I have made five albums. Some reflect more of my singer/songwriter folk-music personality. Refuge, a very recent acoustic record with strings, cello and guitars, has a lot of Buddhist themes. Other music reflects my politics and my love of   Earth. All of this music feels very personal, whether it is political in content, or a love song, or of a spiritual nature. 
     I began to understand the power of repetitive chanting through working with Vicki Noble in her healing circles for many years. We would sing and chant and drum for hours. Whereas pop songs played on the radio can be no more than three and a half minutes long, indigenous people understand the power of singing all night long. They sometimes sing and dance and pray for days. Ceremonies use the power of music--drumming, rhythm and repetition--to change our state of consciousness and to heal our bodies, psyches and emotions. This opens the doorway to our most authentic selves, to the other worlds, and opens our hearts. 
    She Carries Me (1995) explores the realm of meditative and trance music specifically designed for rituals and life passages. This album features a twenty-four-minute multi-layered chant track in honor of the Buddhist goddess Kuan Yin, the Tibetan goddess Tara and Mother Mary. It also features a spoken work by Olympia Dukakis and music by acclaimed violinist Darol Anger. It is being used in so many ways--at countless healing centers, hospitals, in the death-and-dying movement, at birthings and other rituals, and for personal meditation. 
For my new album, ReTurning, I wanted to make an entire CD without breaks. It consists of one piece that is fifty-two minutes long. At the base is the chant "to the mother of us all" that we recorded in the Hypogeum. To that we added layer upon layer of drone and improvisation. In my desire to pray to and bring forth our whole legacy of female deities from all over the world, I added in the whispered names of hundreds of goddesses.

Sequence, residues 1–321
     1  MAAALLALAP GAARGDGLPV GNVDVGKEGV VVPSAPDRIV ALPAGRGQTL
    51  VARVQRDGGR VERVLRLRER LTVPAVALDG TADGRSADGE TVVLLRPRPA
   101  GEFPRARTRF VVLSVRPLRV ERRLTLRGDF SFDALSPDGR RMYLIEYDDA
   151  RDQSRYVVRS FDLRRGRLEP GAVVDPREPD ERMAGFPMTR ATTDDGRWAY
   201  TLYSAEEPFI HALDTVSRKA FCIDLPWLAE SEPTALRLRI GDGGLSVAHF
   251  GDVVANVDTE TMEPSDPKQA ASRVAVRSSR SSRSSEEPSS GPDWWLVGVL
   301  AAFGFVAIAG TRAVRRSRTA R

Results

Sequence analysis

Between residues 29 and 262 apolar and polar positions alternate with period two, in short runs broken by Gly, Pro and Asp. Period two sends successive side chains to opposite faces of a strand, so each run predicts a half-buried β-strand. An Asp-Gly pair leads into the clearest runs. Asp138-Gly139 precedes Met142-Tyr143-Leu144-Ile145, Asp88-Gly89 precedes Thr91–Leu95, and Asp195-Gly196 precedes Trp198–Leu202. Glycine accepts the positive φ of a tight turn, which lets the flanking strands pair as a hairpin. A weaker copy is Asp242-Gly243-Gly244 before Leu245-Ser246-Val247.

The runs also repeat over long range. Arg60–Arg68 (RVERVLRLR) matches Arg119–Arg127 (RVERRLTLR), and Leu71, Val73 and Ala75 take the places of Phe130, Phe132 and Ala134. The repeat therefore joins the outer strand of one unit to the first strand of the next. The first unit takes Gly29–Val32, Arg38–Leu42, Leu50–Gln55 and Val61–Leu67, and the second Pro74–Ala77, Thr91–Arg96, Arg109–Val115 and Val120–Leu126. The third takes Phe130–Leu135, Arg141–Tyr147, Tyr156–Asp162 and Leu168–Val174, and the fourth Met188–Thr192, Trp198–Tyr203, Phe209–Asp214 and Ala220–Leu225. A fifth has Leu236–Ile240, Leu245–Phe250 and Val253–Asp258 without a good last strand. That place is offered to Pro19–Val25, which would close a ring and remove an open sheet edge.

I have been following a Buddhist practice for many years, and felt drawn to chant a prayer from the Heart Sutra in the Hypogeum--Gate, Gate, Paragate, Parasamgate, Bodhi Swaha. It is about the impermanence of life--"Gone, gone, gone beyond, gone beyond the farthest beyond" and evokes the Goddess of Perfect Wisdom. The Goddess changes everything she touches; all things are changing and cyclical. We brought back all these layers on tape to Berkeley. 
     I wanted to make the album a beautiful weave of various cultural traditions. African-American singer Linda Tillery added a beautiful song/prayer to the West African goddess Yemaya, the Ocean Mother. Sharon Birch, a Navajo singer, chants in Navajo for Mother Earth. Qwaali singers Sukhawat Ali Khan and Riffat Salamat sing in the Pakistani tradition, improvising in an eastern scale, which to me felt similar to music originally played in the Hypogeum. A beautiful trance-like drum carries the whole thing forward; the hand drums and percussion are played by Rick Lazar (percussionist for Loreena McKennitt). 
     The music came together on its own, without much planning. The entire layered piece moves and grows and changes, as an expression of cyclical reality, and turned out much more beautiful than I had planned. What magically emerged when we mixed all the sounds together was something like an underground river: You can choose to follow different pathways, but because there are other streams flowing simultaneously at the same time, the rational mind has to let go. This great release helps you naturally enter into another state. 

Jennifer Berezan     Photos providedAs a little girl, I started playing my guitar in the second grade. I grew up Catholic, and after Vatican II I noticed a more mystical-nature base and folk-music presence in the church music. I was very connected to that until I became a feminist and got an under-graduate degree in comparative religion. Eventually I left the church,  but continued to develop as a musician, playing in coffeehouses, bars and lounges. Eventually, I moved into concert circuits and conferences. I played at political events in Alberta, Canada, for peace groups, Latin-American and African solidarity events, and for every womenís issue you could think of. I moved to the States, studied with Matthew Fox at the Institute for Creation Spirituality, and completed my masterís degree in 1984. At that time I also started making connections in the womenís spirituality world and playing music in that context. 
     I co-teach a class with Arisika Razak called "Womenís Sacred Art" at the California Institute of Integral Studies, lead trips to sacred sites and teach a workshop for women called "The Ecstasy of Sound" in which I use sound, song, chanting and rhythm in a ritual context to connect women to their ancient roots. I also still perform folk music. 
     The project Iím most excited about now is the concert/ritual we are producing on February 6, 2000. Over seventy musicians, dancers, poets and ritualists will perform ReTurning as a prayerful and ecstatic community event. (See ad p.13) It is being sponsored by the California Institute of Integral Studies and is a benefit for the film and book projects about Marija Gimbutas and the womenís spirituality department at California Institute of Integral Studies (CIIS). 

Jennifer can be reached by email at: Her record company website is at: